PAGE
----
Who goes home ? Scott has made his decision and four of them will dump their supplies and create a depot at the end of today on the upper glacier and then head for camp. Scott hasn’t given us much in the way of insight into his thinking around the four. The four need to get back safely and so a navigator will be needed and that was to be Wright. Although Scott describes Wrights reaction as possibly bitter but Teddy Evan’s describes the news a little differently, ‘Scott came into our tent and told us… we were all very sad but once detailed loyally abided by the decision of our chief. There was not talk of unhappiness. Cheery-Garrard seemed more concerned that there maybe another reason and was greatly reassured by the ever calming Wilson. Wilson said it was a toss up between Cherry-Garrard and Oates. Cherry-Garrard records that Scott confirmed his decision and that he would need seamen to go forward to rebuild sledges, Cheery-Garrard is not convinced. Critics suggest Oates was limping by this stage but Fiennes suggested no evidence exists to back this up, although Oates diary does mention that his feet are causing him some difficulty, should Oates have been sent back ? Huntford believes Scott wanted naval men involved and his close connection with PO Evans clouded his judgment as they were together on the Discovery expedition. Atkinson was a doctor and before going back Wilson asked his opinion of the men and who he thought should go on. They both agreed that top of the list would be Lashly but were unsure between Crean or PO Evans as to who would be next. There was no agreement but Huntford noted that Wilson was unhappy that Evan’s was held if such high regard on the trip.Wilson had previously seen Evan’s deteriorate and he was known to turn to drink. The decision is made and four men dump their supplies, share out their spare equipment and head for home.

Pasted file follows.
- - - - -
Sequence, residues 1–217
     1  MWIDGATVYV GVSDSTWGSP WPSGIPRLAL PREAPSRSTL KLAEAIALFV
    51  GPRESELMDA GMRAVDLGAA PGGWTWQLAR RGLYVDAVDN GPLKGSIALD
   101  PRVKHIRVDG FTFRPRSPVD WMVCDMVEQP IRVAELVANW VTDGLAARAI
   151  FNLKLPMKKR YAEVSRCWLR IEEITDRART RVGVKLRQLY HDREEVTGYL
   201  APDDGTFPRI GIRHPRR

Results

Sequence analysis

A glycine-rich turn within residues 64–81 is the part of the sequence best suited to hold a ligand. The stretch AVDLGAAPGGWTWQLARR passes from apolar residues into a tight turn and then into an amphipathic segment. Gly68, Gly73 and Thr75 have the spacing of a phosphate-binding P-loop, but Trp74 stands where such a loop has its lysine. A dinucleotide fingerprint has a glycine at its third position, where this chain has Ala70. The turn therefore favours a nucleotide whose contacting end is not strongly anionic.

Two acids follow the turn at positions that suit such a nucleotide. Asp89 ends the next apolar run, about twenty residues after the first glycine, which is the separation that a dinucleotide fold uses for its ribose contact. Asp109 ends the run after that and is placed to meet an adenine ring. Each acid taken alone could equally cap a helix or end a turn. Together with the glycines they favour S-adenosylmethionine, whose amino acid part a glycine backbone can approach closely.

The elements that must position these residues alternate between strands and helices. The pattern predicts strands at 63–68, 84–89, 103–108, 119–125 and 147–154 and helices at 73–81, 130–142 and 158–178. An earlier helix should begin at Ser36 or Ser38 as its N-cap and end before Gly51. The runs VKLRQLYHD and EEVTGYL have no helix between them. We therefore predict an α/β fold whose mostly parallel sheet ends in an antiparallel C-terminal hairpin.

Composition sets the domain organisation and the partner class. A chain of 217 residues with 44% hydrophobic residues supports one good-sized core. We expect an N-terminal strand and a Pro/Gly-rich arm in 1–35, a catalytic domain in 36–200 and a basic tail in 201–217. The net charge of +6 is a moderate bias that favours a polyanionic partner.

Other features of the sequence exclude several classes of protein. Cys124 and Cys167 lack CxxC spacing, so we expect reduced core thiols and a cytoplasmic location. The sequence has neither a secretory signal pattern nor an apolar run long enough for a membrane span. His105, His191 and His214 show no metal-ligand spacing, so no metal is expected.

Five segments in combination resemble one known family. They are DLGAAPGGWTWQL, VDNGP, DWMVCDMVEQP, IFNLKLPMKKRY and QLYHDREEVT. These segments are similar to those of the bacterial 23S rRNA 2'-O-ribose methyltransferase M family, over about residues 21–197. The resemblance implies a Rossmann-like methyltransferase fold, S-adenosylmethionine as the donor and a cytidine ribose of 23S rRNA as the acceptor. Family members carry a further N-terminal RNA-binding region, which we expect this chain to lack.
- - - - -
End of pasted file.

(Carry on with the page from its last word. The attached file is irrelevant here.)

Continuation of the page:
Scotts Journal December 21st 1911. By the end of the day they are almost at the top of the glacier. They had a bad day in terms of crevasses and almost everyone fell into one at some point. Atkinson and Teddy Evans fell deepest and the poor conditions continued even though Scott crossed the glacier to find a better surface. The wind came up and delayed their start after lunch. When they began again they soon cleared the crevasses and although the pull was hard they made good progress. The temperature has dropped below zero but Scott notes it is ‘calm and bright and one feels delightfully warm and comfortable in the tent’. The good weather helps the ‘indefatigable’ Bowers sort through their supplies and equipment. Scott writes a note to be taken back, ‘we are struggling on considering all things against the odds. The weather is a constant anxiety, otherwise arrangements are working exactly as planned. For your own ear also I am exceedingly fit and can go with the best of them. It is a pity the luck doesn’t come our way because every detail of equipment is right. So here we are practically on the summit and up to date in the provision line, we ought to get through.’
Scott aged 13 as a naval cadet : Picture by Wikimedia Commons
Commentary. The selection of men to go back and to go forward does appear a little unclear which makes me think we do not know all the possibilities that existed at that moment between all the men. The possible injury to Oates, the capability of PO Evan’s and the decision between the two medics appear to indicate that members of the team were having their own thoughts, considerations and making assessments. I wonder how much of what is written is accurate and how much is written with the reader in mind ? Scott’s letter back with the returning party is certainly the optimistic side of their current position but also has a sense of arrogance and infallibility to it. The equipment is good, the supplies are in order and the plan is unfolding as it was designed, all apart from the weather. Again it could be said that the letter is for a particular audience. If Scott had of succeeded and returned safe such a letter would just add further evidence to his brilliance. Because of the ultimate ending of the trip it now takes on a very different meaning and yet even at this stage Scott is blaming luck and the weather.